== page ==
If you are part of a CloudOps team or a cloud network engineer, you probably receive daily tickets from developers that look something like this:
You get the idea. For any connectivity problem, the network is always the first to be blamed.
To resolve the ticket, you need to login to the AWS console and the respective cloud accounts, go to the region, find the problem instance, look at its security groups, associated route table and route entries, check the network ACL, etc. You often need to switch to a different AWS account console and repeat the same process on the other instance. More often than not, the problem lies in the user’s own environment, and has nothing to do with networking.
This troubleshooting process is not super difficult, but it is repetitive and time consuming, and it gets tiresome quickly.
Wouldn’t it be nice to have a tool that can pull up this information simultaneously and help you get to the heart of the problem quickly?
Introducing Aviatrix FlightPath.
Aviatrix FlightPath is a handy troubleshooting tool designed specifically with the above trouble tickets in mind.
From the Aviatrix Controller browser console, you specify a source AWS account, region, and VPC, and it automatically retrieves all instances by using AWS APIs. You do the same for the destination side as well. After you specify the source and destination instances, the tool automatically retrieves the latest information associated with each instance, again using AWS APIs and presents the information on the same page side by side so you can eye ball it and identify the problem quickly.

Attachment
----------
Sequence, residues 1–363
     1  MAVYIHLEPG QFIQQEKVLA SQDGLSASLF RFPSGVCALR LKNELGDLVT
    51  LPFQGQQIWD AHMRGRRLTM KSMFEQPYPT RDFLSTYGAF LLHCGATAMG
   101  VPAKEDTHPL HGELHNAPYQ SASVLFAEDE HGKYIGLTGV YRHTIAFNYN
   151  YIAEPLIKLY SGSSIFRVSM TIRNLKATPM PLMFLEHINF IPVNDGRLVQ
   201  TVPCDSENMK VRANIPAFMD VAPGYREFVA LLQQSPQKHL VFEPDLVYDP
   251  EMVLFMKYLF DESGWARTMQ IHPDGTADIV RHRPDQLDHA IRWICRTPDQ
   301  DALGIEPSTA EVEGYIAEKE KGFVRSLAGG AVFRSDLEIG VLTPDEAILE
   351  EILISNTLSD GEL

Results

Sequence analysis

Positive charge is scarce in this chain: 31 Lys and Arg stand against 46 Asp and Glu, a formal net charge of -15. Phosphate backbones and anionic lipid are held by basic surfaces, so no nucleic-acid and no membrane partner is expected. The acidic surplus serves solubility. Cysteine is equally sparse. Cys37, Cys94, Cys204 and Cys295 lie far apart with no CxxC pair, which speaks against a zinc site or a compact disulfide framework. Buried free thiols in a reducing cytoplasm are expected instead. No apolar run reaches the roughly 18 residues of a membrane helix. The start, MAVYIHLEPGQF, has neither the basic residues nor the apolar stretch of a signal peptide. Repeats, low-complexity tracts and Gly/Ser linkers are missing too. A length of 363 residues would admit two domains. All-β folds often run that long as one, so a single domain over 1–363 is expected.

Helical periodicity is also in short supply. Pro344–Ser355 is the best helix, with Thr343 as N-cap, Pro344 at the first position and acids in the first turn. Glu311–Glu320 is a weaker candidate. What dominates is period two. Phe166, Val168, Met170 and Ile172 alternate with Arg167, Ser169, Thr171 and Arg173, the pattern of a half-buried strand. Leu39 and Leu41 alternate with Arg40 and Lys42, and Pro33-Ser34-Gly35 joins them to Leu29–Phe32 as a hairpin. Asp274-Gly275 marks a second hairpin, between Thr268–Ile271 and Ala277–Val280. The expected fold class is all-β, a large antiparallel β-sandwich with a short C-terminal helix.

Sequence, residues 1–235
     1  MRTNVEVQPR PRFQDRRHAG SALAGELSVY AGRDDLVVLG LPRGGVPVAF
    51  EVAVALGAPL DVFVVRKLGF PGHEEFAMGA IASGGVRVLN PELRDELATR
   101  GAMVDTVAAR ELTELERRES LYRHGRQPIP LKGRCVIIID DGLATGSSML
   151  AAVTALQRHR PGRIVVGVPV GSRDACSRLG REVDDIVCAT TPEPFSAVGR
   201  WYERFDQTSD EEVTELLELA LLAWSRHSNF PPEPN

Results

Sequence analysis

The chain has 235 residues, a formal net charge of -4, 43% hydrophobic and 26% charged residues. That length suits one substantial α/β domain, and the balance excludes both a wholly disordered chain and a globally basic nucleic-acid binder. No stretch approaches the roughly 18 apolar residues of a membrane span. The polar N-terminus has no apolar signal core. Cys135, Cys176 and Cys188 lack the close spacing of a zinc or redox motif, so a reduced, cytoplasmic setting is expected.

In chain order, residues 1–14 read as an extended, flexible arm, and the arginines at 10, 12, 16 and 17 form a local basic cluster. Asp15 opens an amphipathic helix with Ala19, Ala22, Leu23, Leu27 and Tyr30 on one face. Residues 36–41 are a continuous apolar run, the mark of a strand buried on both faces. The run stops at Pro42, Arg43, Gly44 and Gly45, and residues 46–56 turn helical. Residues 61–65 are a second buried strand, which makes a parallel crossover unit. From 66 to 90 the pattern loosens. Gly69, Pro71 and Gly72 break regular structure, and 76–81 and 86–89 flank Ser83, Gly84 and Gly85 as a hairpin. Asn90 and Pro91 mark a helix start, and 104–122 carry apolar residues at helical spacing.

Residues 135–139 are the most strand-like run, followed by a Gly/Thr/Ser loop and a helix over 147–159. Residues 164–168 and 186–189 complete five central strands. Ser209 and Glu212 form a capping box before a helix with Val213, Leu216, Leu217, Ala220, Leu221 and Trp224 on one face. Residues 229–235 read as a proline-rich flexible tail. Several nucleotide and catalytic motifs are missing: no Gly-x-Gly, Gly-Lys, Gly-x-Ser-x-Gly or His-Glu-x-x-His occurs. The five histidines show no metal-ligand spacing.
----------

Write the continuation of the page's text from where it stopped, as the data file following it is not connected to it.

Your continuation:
Here is one example to show how FlightPath works. Say a developer from a BusinessOps account filed a ticket that says one instance of “DevOps Server” in the Oregon region cannot run “ssh” into the Prod instance in the California region.
From the Aviatrix Controller browser console, click FlightPath under Troubleshooting on the navigation menu. Specify the above info and you’ll see something similar to the screenshot below. The highlights on each panel are the instances in question. Note the DevOps Server has IP address 10.10.0.121.
Now run FlightPath Test, and you’ll see the FlightPath Report.
First, check the routing table – in this example all appears to be fine related to connectivity:
Continue by scrolling up and down the FlightPath Report to check other fields. Next check the Security Groups. Here we find that the California Prod instance does not have its “ssh” port open to the Oregon DevOps instance IP address 10.10.0.121.
Problem identified in minutes!
Upon further inspection, you’ll notice the problem instance has a “ssh” open to the entire world. You may need to notify the ticket issuer to reduce the source address scope.
Aviatrix FlightPath is our tool for CloudOps and cloud network engineers. It saves time in dealing with daily networking trouble tickets. Check it out within our free trial version on AWS Marketplace.